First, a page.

Until recently, the popular image of a postgraduate history student might have been a lone figure in a library, poring over weighty tomes. While that style of study still exists in many places – and with good reason – it's not what Peter Quigley is doing for his MA in public history at Royal Holloway, University of London. He's more likely to be seen on London's streets with a digital recorder in hand, interviewing people and then editing soundbites for a website providing eye-witness accounts of historical events.
The essence of this course, says Quigley, is the word "public". "It is about bringing the presentation of history to the public, not in academic journals, but directly into the public sphere, in a way that involves the public in the process."
One of the early modules on his two-year part-time course was on oral history, something he combined with an internship at the Peabody housing association. "They were looking for someone to build content for their website, so I was conducting and editing interviews, for example, with Peabody residents recounting how they'd survived the London bombings in the Second World War."
That project led Quigley to be taken on two days a week at Peabody, to work on another website project, and to continue exploiting the historical investigation and presentation skills he's learning on his postgraduate course. He joined it straight after finishing his undergraduate degree at Royal Holloway in 2011, and it was a choice he made for two related reasons.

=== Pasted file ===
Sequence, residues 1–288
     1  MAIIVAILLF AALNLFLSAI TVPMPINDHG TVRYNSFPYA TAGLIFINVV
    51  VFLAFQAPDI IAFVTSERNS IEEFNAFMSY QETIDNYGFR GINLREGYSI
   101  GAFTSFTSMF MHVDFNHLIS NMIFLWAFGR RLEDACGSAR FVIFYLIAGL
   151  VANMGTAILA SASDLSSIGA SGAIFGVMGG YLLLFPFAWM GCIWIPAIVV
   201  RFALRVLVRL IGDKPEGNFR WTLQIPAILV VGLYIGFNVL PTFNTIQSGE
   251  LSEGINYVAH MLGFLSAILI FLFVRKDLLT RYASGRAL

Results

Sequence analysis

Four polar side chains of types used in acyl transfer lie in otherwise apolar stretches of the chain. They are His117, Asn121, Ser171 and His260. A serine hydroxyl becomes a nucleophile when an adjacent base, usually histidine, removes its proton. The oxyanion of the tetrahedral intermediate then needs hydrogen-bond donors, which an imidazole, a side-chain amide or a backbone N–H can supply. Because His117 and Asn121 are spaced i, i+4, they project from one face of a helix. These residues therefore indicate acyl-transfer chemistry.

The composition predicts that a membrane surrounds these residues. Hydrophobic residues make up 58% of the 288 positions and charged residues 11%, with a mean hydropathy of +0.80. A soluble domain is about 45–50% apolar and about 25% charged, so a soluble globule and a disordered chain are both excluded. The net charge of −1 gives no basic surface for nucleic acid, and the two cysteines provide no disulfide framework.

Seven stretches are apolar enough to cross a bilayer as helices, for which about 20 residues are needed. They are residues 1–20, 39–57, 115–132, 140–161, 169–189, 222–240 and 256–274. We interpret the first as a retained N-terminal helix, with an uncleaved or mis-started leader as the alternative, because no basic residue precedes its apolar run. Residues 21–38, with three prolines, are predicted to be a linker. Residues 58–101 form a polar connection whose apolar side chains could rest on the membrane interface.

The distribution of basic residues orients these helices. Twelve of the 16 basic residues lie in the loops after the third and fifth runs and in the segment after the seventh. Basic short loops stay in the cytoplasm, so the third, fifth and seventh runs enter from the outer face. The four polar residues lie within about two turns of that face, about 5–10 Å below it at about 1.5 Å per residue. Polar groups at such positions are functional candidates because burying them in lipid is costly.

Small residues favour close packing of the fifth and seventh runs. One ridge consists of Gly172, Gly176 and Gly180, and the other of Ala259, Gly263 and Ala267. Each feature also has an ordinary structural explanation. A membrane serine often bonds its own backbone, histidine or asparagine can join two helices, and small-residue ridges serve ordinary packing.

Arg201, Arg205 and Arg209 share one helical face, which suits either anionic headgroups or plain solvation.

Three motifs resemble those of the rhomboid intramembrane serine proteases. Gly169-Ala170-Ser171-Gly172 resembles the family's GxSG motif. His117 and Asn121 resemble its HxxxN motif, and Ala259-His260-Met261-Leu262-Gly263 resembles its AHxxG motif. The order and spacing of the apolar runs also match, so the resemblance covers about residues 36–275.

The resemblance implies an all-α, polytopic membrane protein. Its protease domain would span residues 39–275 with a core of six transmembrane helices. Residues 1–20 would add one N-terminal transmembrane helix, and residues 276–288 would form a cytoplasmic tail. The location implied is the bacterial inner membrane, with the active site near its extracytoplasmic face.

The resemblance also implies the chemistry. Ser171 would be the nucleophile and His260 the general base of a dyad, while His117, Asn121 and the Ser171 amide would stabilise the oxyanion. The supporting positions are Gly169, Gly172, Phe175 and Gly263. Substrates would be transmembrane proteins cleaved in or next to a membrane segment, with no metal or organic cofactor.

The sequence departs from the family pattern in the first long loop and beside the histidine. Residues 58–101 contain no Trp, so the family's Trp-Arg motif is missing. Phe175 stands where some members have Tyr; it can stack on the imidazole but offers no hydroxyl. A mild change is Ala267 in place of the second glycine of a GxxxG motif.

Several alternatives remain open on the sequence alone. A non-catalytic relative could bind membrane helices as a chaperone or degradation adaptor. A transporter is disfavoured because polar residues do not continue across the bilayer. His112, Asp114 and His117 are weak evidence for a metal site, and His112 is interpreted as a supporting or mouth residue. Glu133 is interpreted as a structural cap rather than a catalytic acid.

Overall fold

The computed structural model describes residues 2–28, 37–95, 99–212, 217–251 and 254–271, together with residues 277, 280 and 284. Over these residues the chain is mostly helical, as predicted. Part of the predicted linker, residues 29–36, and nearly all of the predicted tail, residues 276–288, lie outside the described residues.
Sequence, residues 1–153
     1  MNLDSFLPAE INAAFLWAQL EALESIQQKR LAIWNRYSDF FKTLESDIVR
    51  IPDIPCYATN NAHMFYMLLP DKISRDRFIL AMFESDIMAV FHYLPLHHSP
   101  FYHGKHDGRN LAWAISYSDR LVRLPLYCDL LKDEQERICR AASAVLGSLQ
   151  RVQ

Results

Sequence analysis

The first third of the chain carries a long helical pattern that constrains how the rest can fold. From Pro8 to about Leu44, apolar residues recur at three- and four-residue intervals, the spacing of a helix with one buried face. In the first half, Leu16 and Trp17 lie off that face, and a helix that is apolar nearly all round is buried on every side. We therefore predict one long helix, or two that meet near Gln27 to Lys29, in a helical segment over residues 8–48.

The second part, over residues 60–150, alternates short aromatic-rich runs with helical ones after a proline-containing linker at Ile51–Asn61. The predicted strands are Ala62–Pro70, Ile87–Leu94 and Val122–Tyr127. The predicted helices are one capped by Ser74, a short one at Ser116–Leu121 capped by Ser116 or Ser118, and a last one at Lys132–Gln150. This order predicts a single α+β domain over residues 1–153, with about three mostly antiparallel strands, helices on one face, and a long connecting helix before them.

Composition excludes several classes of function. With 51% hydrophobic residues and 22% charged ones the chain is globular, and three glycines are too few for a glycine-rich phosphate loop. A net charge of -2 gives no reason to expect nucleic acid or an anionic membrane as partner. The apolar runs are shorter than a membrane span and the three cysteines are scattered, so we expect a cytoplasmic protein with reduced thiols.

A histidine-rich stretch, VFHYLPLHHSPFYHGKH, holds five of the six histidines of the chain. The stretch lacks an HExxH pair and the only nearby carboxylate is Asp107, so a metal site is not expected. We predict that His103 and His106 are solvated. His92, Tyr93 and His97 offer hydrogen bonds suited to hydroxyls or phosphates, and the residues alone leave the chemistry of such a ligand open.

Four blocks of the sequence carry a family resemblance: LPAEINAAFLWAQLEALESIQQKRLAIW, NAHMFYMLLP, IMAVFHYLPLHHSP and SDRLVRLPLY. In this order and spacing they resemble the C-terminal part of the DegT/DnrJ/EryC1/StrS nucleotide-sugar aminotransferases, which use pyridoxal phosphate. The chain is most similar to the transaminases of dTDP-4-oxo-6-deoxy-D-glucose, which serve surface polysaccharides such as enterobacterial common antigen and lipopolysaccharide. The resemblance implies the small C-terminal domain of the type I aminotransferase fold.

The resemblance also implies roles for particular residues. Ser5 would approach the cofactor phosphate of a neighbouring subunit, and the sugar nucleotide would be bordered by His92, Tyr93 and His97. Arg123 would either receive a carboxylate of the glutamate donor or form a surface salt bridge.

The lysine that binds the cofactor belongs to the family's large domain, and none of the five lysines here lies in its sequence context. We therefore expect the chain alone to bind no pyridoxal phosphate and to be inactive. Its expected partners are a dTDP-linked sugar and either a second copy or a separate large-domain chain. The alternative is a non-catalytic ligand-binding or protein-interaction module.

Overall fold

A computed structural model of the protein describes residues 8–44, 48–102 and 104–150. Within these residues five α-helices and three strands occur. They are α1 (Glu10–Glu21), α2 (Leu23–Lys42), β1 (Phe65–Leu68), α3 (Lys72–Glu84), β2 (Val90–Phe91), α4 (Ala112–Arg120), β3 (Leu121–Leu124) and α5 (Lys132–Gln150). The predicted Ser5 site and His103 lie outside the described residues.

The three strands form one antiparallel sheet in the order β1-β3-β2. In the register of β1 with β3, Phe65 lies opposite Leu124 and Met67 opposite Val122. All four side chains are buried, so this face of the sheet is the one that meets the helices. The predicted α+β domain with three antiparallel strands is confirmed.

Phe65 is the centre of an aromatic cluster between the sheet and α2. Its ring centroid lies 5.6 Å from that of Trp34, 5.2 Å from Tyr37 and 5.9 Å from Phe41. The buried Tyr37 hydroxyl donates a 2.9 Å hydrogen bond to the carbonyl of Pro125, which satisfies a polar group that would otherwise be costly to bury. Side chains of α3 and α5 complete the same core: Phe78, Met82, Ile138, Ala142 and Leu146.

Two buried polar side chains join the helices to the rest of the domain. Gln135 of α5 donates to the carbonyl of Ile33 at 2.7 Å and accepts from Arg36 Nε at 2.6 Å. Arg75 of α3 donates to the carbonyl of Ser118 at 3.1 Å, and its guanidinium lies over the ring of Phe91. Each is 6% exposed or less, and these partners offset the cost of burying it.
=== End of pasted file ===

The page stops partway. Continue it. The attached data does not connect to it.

"During my third year, I was watching what was going on with competition for graduate jobs and the competitive environment that was looming, so I was looking for a way to make myself more employable – developing interpersonal and communication skills – but also to continue studying history." The Royal Holloway course is designed to take graduates into careers in broadcasting, film, museums, heritage or journalism.
And staying put after his first degree seemed to be the obvious choice. "Royal Holloway was pioneering public history in the UK," he explains. "It was very important that, as a Royal Holloway graduate with a 2:1, my fees were paid."
The majority of his co-students are doing the course full-time, so he's been part of several largely different groups over his two years. "This year especially I'm with a really nice group, and a real mix of nationalities and different ages," he says. "That gives us different perspectives on history, and creates good discussions in seminars."
Contact time on the course is low – two hours a week in his first year and four in his second – but that's not unusual for the subject. "I'm used to not having much contact time. Anyway, a lot of the learning is in doing the practical work. And, for my dissertation, I get the chance to see my supervisor once a fortnight and get good one-to-one input."
The course has given him an appetite to work in a history-related area, but he knows that might not be possible. "I'd be keen to stay working in communications and the digital world, perhaps for a think tank, and ideally with a history component to it, but I know that getting a job in the heritage sector is difficult."
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